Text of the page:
Table 1. Chemical components of glass and cementitious materials (%)
Material SiO2 Al2O3 CaO Fe2O3 MgO SO3 Na2O K2O Cr2O3 SrO TiO2 Insoluble residue Loss on ignition
Colorless 73.93 0.25 9.18 0.92 3.75 0.23 9.18 0.02 0.53 0.19 <0.01* 92.72 0.22
Amber 72.95 0.82 9.28 0.66 3.58 0.25 9.99 0.02 <0.01* 0.04 0.2 94.39 0.37
Cement 24.59 7.19 56.47 2.8 2.43 2.60 0.03 0.82 <0.01* <0.01* <0.01* 1.0 3.50
*Data below the instrument detection limit.
Table 2. Physical properties of glass and cementitious materials.
Item Colorless Amber Cement
Specific Mass (g/cm3) 2.60 2.54 2.81
Average size (μm) 8.93 10.61 38.0
Specific surface BJH (m2/kg) 4.265 4.918 5.250

To evaluate the influence of glass microparticles on the properties of cementitious compounds, cement and mortar—with 0, 10, and 20% of the cement replaced by colorless and amber glass microparticles—were analyzed. For the compounds, a cement with a low additive content (5%) and high tricalcium silicate content, to favor the pozzolanic reactions (Tables 1 and 2), was used. As a fine aggregate, treated natural siliceous sand (specific mass of 2650 kg/m3) with grain sizes of 1.2, 0.6, 0.3, and 0.15 in equal proportions was used. After mixing, the materials were molded under mechanical vibration and the specimens were cured at 25oC in saturated surroundings for time periods ranging from 7 to 90 days.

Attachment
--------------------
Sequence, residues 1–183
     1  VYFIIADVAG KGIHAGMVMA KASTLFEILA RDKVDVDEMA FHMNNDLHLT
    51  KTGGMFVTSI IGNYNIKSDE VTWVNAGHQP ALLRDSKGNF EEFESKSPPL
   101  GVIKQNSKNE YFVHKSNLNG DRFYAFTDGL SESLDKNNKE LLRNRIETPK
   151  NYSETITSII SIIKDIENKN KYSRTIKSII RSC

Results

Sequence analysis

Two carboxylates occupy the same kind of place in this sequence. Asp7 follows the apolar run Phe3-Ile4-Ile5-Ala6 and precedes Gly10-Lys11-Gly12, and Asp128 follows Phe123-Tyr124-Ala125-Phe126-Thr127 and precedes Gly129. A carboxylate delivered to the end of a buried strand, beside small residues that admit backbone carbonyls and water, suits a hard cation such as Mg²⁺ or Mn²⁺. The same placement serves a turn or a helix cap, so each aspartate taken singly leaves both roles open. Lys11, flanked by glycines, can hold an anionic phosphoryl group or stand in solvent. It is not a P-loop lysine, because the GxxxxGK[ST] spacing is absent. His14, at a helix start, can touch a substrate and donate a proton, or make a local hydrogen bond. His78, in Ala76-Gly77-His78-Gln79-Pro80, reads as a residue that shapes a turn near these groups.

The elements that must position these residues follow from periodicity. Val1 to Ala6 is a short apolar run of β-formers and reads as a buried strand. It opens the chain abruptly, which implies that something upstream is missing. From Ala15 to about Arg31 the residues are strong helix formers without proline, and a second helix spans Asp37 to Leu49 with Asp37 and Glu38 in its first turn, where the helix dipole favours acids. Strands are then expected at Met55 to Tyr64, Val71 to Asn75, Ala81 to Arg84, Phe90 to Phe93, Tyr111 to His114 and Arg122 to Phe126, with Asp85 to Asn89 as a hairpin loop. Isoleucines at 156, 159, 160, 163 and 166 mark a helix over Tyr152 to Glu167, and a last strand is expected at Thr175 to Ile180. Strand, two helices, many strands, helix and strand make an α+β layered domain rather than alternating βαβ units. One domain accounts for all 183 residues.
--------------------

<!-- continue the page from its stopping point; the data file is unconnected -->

Based on the degree of substitution and the type of glass, the following nomenclature was employed for the mortars: control (0% replacement), colorless −10%, colorless −20%, amber −10%, and amber −20%. The values of the water / cement ratio or binder (w/b) were 0.4 or 0.5, depending on the test, since the standards of each test required a different ratio.

Setting time, semi-adiabatic calorimetry, and soundness/expansion tests were performed using cement paste samples with and without waste glass. Workability (on a flow table), compressive strength, flexural strength, elastic modulus, and thermography tests were performed on mortar specimens.

The influence of adding glass microparticles at the interval between the mixing process on the loss of plasticity of the mixture was evaluated by testing the setting time using a Vicat Needle (26). The soundness test was utilized for evaluating the influence of glass particles on the dimensional stability of compounds with respect to the possible occurrence of undesirable volumetric expansion after hardening. As expansion can manifest months or even years after the manufacture of cement compounds, the Le Chatelier needles method (27, 28) was employed for this test. Three test specimens were manufactured for each type of studied cement paste (with and without waste glass) at their normal consistency.